The Mathematical Symbol "Dot Operator (⋅)"

The Dot Operator (⋅): An Insight

The Dot Operator, symbolized as ⋅ is a mathematical notation frequently employed in various mathematical contexts. One of its primary usages is in the realm of vector calculus, where it represents the dot product. Additionally, it can denote multiplication in some scenarios, especially when traditional multiplication signs might be confusing. In this article, we'll dive deep into the significant applications of this symbol with a pair of examples for each use.

1. Vector Calculus: Dot Product

In vector calculus, the ⋅ notation denotes the dot product (or scalar product) of two vectors. This operation yields a scalar value and is defined for two vectors as the product of their magnitudes and the cosine of the angle between them.

Example 1:

Given two vectors \(\mathbf{A}\) and \(\mathbf{B}\), their dot product is represented as:

\(\mathbf{A} ⋅ \mathbf{B} = |\mathbf{A}| |\mathbf{B}| \cos(\theta)\)

Where \( \theta \) is the angle between \(\mathbf{A}\) and \(\mathbf{B}\).

Example 2:

For vectors \(\mathbf{A} = [a_1, a_2]\) and \(\mathbf{B} = [b_1, b_2]\) in a 2-dimensional space:

\(\mathbf{A} ⋅ \mathbf{B} = a_1 \times b_1 + a_2 \times b_2\)

2. Multiplication Representation

Occasionally, the ⋅ symbol is used to represent multiplication, especially in contexts where the traditional multiplication signs (like \( \times \)) might cause confusion.

Example 1:

When dealing with algebraic variables:

\(a ⋅ b\), which simply means \(a \times b\).

Example 2:

In scalar multiplication:

\(5 ⋅ 3 = 15\)

These instances showcase the versatility of the Dot Operator in various mathematical scenarios. As with many mathematical symbols, context is crucial for interpreting its precise meaning.

Mathematical symbol 'Dot Operator'

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Codes for the ⋅ Symbol

The Symbol
Alt CodeAlt 8901
HTML Code⋅
HTML Entity⋅
CSS Code\22C5
Hex Code⋅

How To Insert the ⋅ Symbol

(Method 1) Copy and paste the symbol.

The easiest way to get the ⋅ symbol is to copy and paste it into your document.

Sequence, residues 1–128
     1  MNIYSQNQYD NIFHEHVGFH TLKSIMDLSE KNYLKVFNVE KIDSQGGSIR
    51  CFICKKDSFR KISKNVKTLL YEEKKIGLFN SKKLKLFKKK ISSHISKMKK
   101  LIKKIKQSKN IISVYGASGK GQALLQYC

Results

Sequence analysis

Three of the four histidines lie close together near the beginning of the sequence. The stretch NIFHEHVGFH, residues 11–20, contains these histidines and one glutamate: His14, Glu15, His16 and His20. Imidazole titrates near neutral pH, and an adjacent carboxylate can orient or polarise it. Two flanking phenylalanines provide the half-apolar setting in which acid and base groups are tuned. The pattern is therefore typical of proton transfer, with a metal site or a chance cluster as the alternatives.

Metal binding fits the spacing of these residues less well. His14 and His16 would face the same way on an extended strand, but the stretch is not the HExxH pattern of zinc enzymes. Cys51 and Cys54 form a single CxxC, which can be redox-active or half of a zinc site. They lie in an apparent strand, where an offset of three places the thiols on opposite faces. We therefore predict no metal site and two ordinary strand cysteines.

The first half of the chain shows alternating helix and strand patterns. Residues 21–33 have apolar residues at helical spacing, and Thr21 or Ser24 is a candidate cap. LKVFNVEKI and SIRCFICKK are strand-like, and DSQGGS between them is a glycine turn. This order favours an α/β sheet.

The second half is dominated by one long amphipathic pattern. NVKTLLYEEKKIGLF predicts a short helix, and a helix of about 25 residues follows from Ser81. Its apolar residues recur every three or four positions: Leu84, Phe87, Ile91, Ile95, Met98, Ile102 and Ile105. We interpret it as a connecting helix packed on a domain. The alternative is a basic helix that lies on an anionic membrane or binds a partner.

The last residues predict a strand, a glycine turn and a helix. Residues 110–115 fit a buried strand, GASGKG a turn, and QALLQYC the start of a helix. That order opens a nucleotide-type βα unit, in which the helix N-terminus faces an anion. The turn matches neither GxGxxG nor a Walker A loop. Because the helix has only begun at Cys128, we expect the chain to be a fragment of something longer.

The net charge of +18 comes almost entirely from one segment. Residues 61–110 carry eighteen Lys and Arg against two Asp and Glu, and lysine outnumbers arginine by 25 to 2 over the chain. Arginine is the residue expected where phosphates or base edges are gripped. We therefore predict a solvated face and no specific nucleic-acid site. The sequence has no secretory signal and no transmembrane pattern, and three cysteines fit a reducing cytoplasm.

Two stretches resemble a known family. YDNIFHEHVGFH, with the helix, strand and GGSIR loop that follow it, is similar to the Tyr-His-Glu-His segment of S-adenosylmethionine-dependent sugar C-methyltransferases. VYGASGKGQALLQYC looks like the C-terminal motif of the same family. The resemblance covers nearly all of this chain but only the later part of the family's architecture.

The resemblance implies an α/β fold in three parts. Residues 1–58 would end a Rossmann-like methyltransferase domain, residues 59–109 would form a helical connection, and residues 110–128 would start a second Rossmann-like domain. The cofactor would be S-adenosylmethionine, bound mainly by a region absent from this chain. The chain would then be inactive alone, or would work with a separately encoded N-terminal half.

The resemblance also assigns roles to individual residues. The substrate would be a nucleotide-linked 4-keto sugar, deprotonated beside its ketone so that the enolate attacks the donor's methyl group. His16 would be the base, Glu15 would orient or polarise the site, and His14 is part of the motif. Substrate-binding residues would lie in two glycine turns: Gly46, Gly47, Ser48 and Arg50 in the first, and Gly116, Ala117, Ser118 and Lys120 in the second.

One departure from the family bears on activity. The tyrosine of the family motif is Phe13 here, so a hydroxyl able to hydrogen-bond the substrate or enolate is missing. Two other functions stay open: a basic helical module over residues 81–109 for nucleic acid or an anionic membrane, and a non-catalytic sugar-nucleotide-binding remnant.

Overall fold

Bear in mind that this is a UTF-8 encoded character. It must be encoded as UTF-8 at all stages (copying, replacing, editing, pasting), otherwise it will render as random characters or the dreaded �.

(Method 2) Use the "Alt Code."

If you have a keyboard with a numeric pad, you can use this method. Simply hold down the Alt key and type 8901. When you lift the Alt key, the symbol appears. ("Num Lock" must be on.)

(Method 3) Use the HTML Decimal Code (for webpages).

HTML TextOutput
<b>My symbol: &#8901;</b>My symbol: ⋅

(Method 4) Use the HTML Entity Code (for webpages).

HTML TextOutput
<b>My symbol: &sdot;</b>My symbol: ⋅

(Method 5) Use the CSS Code (for webpages).

CSS and HTML TextOutput
span:after {
content: "\22C5";}
<span>My symbol:</span>
My symbol: ⋅

(Method 6) Use the HTML Hex Code (for webpages and HTML canvas).

HTML TextOutput
<b>My symbol: &#x22C5;</b>My symbol: ⋅
On the assumption that you already have your canvas and the context set up, use the Hex code in the format 0x22C5 to place the ⋅ symbol on your canvas. For example:
JavaScript Text
const x = "0x"+"E9"
ctx.fillText(String.fromCodePoint(x), 5, 5);

(Method 7) Use the Unicode (for various, e.g. Microsoft Office, JavaScript, Perl).

The Unicode for ⋅ is U+22C5. The important part is the hexadecimal number after the U+, which is used in various formats. For example, in Microsoft Office applications (e.g. Word, PowerPoint), do the following:
[Hold down Alt]
[Press x]

(The 22C5 turns into ⋅. Note that you can omit any leading zeros.)
In JavaScript, the syntax is \uXXXX. So, our example would be \u22C5. (Note that the format is 4 hexadecimal characters.)
JavaScript TextOutput
let str = "\u22C5"
document.write("My symbol: " + str)
My symbol: ⋅